Helmuth von Moltke the Younger, Schlieffen's successor as Chief of the General Staff, has often been accused by some historians of changing and diluting the Plan which caused it to fail.I think this charge is unfair as circumstances changed drastically between 1905 and 1914.Schlieffen assumed that the Italians would honor their commitments to the Triple Alliance and he could rely on their troops to bolster the left wing leaving more Germans for the right wing in Belgium but by 1914 it was obvious this was not going to happen.Also the Russian Army in 1905 was prostrate after their devastating losses in the Russo-Japanese War but they had greatly improved by 1914.But the main criticism of the Schlieffen Plan is that as brilliant as it was on paper it did not take into account real world circumstances such as the realistic rate that a soldier could march during an extended advance, especially when they also had to fight plus it assumed perfect cooperation from the Belgians who fiercely resisted.Moltke abandoned the invasion of Holland which some people said made it more difficult to squeeze troops through the relatively narrow "Liege Gap" but this was more than offset by the advantage of having the Dutch as neutrals throughout the war.


An even more valid criticism of the Plan was that since it was developed without input from any source other than the High Command it ignored the geopolitical realities of the time.British foreign policy since the days of Henry VIII had been to demand no Great Power control of the Low Countries (Belgium and Holland).It didn't matter if this control was asserted by Phillip II of Spain, Louis XIV of France, Napoleon or Imperial Germany.The Germans dismissed the 1839 treaty guaranteeing the neutrality of Belgium as a "scrap of paper" but to the British this was a case of national survival and the invasion enabled them to sell the war to the British public.Frederick would at least have been aware of the implications of a violation of the treaty and taken appropriate actions.


If the Anglo-German Naval Race had not occurred and adequate guarantees given to Britain about the future of Belgium and had this occurred in an atmosphere of good will between Britain and Germany versus the animosity engendered by Willy's erratic behavior in the pre-war years, it's possible the British would have stood aside in 1914. Of course if this general goodwill had prevailed throughout Europe, the war might have been avoided altogether. Some authors have speculated that a German victory in 1914 would have just simply speeded up the European Union by 40 years but I don't agree with that view as I feel German aggression needed to be stopped and it's likely that if victorious they would have imposed peace terms closer to the infamous Treaty of Brest-Litovisk with the Bolsheviks signed in early 1918 rather than the formation of an equal union of sovereign states as we have today.However a quick German victory would have at least spared many of the horrors which later developed as a result of the four year carnage that actually occurred.††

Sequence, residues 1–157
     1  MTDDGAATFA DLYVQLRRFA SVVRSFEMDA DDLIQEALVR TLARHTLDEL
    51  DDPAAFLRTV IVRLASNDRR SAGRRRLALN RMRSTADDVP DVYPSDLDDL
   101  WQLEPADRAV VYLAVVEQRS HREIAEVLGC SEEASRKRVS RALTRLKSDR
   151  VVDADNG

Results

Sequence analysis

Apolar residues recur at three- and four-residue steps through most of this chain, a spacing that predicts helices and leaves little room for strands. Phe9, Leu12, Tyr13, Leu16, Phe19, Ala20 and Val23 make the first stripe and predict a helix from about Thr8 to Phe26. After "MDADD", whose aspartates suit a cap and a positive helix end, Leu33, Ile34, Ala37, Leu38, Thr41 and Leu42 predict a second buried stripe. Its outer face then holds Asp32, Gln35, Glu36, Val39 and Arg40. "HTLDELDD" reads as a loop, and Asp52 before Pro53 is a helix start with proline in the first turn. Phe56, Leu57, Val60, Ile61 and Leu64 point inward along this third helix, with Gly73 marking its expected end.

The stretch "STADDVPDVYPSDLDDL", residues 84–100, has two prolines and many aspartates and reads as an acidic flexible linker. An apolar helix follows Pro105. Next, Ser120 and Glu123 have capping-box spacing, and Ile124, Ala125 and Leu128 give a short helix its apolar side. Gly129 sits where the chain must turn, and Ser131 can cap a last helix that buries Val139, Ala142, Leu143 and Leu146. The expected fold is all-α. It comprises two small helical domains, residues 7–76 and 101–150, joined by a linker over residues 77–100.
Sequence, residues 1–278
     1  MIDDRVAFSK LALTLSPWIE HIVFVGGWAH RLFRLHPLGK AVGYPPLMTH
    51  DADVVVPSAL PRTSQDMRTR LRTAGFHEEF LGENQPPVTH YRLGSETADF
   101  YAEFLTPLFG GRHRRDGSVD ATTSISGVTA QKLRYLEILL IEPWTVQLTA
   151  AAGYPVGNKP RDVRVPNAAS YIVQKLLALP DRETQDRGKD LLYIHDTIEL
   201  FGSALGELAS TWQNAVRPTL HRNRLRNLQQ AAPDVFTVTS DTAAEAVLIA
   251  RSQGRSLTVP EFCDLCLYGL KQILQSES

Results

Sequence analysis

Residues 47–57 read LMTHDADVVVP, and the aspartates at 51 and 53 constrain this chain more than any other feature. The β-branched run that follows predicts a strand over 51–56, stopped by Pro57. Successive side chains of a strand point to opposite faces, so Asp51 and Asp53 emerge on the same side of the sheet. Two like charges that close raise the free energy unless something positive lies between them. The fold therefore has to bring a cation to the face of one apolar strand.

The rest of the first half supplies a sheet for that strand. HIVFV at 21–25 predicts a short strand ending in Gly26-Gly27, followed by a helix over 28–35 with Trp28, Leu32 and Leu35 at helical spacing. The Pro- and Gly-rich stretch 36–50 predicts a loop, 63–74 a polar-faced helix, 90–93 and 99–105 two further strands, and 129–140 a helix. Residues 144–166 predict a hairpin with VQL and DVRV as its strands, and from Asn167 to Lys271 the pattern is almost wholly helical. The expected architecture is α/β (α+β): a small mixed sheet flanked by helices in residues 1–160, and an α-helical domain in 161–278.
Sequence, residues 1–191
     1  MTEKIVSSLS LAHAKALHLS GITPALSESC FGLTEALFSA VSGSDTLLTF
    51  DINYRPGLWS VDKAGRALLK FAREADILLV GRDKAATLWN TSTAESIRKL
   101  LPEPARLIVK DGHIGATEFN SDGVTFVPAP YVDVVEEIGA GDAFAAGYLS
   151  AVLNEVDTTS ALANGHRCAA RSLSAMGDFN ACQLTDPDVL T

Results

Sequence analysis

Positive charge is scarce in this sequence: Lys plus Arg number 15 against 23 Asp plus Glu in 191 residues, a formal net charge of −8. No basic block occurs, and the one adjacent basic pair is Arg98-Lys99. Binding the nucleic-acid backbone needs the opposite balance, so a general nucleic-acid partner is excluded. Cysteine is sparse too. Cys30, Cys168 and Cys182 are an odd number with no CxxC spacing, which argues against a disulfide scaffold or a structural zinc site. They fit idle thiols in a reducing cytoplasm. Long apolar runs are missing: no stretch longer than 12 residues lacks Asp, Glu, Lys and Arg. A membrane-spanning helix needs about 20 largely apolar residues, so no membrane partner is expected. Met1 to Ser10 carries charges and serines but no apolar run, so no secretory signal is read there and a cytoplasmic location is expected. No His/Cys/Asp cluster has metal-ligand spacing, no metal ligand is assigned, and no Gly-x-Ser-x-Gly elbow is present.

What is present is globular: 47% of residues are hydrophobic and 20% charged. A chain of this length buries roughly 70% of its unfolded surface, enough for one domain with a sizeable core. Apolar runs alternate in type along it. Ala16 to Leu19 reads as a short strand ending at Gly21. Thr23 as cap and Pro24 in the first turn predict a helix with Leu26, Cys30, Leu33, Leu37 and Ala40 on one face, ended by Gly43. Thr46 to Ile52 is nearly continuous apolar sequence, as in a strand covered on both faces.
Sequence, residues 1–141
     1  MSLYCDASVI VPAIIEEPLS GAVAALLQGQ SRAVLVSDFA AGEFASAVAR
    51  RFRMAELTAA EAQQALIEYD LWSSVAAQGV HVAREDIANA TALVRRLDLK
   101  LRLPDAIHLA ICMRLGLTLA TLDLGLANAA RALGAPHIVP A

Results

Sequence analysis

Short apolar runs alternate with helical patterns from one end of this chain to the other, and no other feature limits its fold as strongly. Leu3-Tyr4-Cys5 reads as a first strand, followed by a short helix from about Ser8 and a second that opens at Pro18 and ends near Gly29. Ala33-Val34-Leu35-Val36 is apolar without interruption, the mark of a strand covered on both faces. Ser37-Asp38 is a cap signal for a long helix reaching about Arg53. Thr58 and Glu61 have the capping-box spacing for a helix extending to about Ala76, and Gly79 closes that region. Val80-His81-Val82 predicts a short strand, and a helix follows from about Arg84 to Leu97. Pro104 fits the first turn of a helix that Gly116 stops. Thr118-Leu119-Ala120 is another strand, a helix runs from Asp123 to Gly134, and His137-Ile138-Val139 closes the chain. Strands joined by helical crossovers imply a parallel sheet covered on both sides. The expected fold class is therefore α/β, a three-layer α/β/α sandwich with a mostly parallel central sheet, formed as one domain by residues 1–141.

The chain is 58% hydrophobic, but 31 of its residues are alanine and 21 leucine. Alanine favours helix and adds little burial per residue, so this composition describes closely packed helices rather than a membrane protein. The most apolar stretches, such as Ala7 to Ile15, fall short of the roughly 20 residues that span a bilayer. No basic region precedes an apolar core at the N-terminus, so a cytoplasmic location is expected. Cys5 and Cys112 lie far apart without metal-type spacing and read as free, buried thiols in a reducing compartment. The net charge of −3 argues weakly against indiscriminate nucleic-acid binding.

I was going to end with an interesting story about the ultimate fate of the German fleet, the construction of which during the Naval Race caused so many problems, but during the research for this paper I found out that my story was an "urban legend".The German fleet was interned at the time of the 1918 armistice and sent to the main British naval base at Scapa Flow in the Orkney Islands north of Scotland.As a protest against the plan to allocate the ships of the fleet to the victorious powers, the Germans scuttled the fleet on June 21, 1919.The urban legend is that the sunken fleet represented the best source of high quality steel which had not been contaminated by the atomic atmospheric tests which took place from 1947 until the signing of the test ban treaty in 1963.Such steel was needed for the NASA space program and quantities of the steel were brought up and incorporated into the Apollo Moon missions.However I discovered by reading that great source of human knowledge "The Straight Dope" that this story was not true so I'll just have to end without an interesting anecdote.